How smartphone photos influence young people’s sense of identity
Dr. Michaela Kramer, media education specialist at FAU, has investigated the influence smartphone photography and posting images on social media has on shaping young people’s sense of identity. She has drawn up a typology describing the different ways young people can present themselves via photos and what that says about their developing personalities.
Over recent years, photography has become an integral part of daily life, largely due to smartphones. Young people in particular appreciate the many different ways they can use photos for self-presentation and communication on social media. Bearing this in mind, the qualitative study focuses on the impact photography habits have on young people when exploring issues relating to their identity such as ‘who am I, how did I become who I am and who will I be in the future?’
For her thesis on ‘Visual biography work. Smartphone photography in adolescence from a media education perspective’ at Universität Hamburg, the FAU researcher Michaela Kramer developed a theoretical concept she refers to as ‘visual biography work’ which identifies the various ways young people use photography to help them find their own identity. ‘Life today, our biography, is increasingly being recorded as photos or videos, instead of just being passed on by word of mouth as was the case in the past,’ explains Dr. Michaela Kramer. ‘It is no longer only important occasions such as school leaving ceremonies or birthdays which are recorded, but predominantly snapshots of everyday life.’
For her study she selected twelve young people between the ages of 13 and 17, each from a different family background and with different interests. The boys and girls were asked to talk about themselves and then choose five pictures from their social media channels for comment and analysis. Dr. Kramer came to the conclusion that most images can be separated into the three main categories of body images, reproductions (in other words photos of photos and screenshots) and pictures of surroundings. ‘That is of course only a simplified definition,’ stresses Michaela Kramer. ‘Young people are a very diverse social group and use smartphone photography in a range of different ways and to a varying extent.’ However, she noted that social norms have an important influence on smartphone photography and that attitudes towards them vary among young people, with some taking a more critical stance than others.
By analysing the interviews in detail and interpreting photos together with the hashtags, likes and comments belonging to them, Dr. Kramer’s research has pinpointed three predominant types of visual biography work.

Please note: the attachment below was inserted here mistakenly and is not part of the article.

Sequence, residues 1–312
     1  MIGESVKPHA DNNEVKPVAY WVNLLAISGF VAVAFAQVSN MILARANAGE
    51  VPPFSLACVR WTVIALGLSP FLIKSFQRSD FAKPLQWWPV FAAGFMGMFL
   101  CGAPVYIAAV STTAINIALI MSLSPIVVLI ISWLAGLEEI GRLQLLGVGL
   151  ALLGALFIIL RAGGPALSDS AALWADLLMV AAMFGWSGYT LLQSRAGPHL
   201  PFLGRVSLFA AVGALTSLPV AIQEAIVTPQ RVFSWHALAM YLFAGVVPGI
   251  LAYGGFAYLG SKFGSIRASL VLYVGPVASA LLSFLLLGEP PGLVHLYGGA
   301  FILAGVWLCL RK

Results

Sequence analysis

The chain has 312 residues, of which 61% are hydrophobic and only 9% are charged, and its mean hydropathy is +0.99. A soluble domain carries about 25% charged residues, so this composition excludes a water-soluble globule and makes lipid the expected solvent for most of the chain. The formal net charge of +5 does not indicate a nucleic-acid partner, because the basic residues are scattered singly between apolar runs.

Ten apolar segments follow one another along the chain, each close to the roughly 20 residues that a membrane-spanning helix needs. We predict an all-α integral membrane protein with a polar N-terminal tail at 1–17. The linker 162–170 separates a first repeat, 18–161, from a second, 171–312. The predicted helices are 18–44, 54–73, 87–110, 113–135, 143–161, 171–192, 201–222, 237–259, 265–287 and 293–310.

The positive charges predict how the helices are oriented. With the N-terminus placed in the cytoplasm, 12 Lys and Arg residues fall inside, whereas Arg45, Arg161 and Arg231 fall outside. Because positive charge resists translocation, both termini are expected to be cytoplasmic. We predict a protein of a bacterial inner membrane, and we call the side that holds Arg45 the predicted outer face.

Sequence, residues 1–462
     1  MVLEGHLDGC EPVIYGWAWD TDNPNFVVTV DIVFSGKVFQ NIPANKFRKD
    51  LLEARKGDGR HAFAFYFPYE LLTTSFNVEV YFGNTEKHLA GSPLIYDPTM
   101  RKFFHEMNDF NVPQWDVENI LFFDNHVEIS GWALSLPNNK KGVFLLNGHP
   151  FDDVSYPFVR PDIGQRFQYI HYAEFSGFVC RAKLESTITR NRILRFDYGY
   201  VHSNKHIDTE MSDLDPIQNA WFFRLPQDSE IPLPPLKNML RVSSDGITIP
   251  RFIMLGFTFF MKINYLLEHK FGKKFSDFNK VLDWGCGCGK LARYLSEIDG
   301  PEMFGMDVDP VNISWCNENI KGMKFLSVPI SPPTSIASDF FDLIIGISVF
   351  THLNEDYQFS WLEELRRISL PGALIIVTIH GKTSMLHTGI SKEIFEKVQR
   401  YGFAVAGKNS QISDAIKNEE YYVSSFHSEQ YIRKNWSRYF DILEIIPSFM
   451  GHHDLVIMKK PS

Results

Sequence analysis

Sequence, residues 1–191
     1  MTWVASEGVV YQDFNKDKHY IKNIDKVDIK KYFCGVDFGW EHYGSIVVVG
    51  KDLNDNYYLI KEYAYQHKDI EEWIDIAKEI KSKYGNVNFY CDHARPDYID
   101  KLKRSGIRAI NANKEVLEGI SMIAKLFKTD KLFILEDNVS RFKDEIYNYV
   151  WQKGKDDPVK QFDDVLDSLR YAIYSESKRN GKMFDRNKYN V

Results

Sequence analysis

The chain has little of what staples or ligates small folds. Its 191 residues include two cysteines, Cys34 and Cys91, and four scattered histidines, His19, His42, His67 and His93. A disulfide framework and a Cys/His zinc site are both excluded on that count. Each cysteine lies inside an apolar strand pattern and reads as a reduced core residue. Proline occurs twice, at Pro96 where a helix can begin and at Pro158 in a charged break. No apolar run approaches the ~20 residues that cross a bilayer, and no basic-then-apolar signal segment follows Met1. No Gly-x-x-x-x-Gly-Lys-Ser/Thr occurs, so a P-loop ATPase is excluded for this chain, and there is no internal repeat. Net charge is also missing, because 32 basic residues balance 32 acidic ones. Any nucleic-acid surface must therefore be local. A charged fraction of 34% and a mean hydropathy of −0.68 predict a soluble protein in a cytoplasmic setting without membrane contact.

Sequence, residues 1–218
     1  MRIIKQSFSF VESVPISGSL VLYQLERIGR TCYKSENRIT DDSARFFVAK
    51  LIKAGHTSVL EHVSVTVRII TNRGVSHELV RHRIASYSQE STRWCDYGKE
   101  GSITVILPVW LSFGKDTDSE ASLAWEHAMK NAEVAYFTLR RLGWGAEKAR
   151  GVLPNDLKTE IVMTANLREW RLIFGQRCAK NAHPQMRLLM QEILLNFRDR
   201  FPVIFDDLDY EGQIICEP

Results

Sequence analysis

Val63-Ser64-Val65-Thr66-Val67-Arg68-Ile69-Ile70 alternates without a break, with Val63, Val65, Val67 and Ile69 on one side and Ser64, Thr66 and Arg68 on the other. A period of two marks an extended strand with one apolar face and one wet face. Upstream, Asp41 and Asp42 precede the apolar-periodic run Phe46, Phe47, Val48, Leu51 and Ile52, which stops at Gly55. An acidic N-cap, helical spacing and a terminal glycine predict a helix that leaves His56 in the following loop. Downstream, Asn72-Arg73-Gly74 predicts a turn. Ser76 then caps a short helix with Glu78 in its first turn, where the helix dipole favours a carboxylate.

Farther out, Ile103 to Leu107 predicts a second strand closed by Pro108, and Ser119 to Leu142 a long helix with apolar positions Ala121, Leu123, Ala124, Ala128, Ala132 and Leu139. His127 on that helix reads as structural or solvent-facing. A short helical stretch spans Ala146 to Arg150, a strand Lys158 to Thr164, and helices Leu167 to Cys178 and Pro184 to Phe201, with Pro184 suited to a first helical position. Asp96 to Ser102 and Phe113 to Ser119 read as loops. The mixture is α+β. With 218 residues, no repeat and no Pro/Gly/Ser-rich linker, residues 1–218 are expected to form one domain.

– She refers to the first ambitiously artistic type as ‘distinction’. Young people in this group use professional equipment to stand out from others of their age and take artistic, aesthetic photos.
– The second type can be classed as ‘conformity’: Young people in this group use their phone to take photos, and tend to take photos of themselves which focus on their body. They strike poses typically seen across social media channels.
– The third type is referred to as ‘minimal risk’: Young people in this group are unsure of themselves and tend to avoid posting photos of themselves on social media. These young people prefer to share pictures of their surroundings or screenshots which are less likely to show them up in front of others.
In her work, Dr. Michaela Kramer comes to the conclusion that media contribute to young people’s sense of identity. Her study showed that presenting their biography visually is important for young people. One interesting aspect is that this is a way for them to deal with their own past, present and future. The pictures do not only show how they want to be seen by others now and in the future, but also bring back memories every time the young people go back and look at them again. This helps them find answers to the question ‘Who am I?’.
The growing importance of media and visualisation in today’s society, in other words the trend among young people to communicate increasingly via visual media, offers both opportunities and risks, and this study offers a sound basis for further research into young people and media.
Contact for scientific information:
Dr. Michaela Kramer
Chair of Media Education
Phone: +49 911 5302 591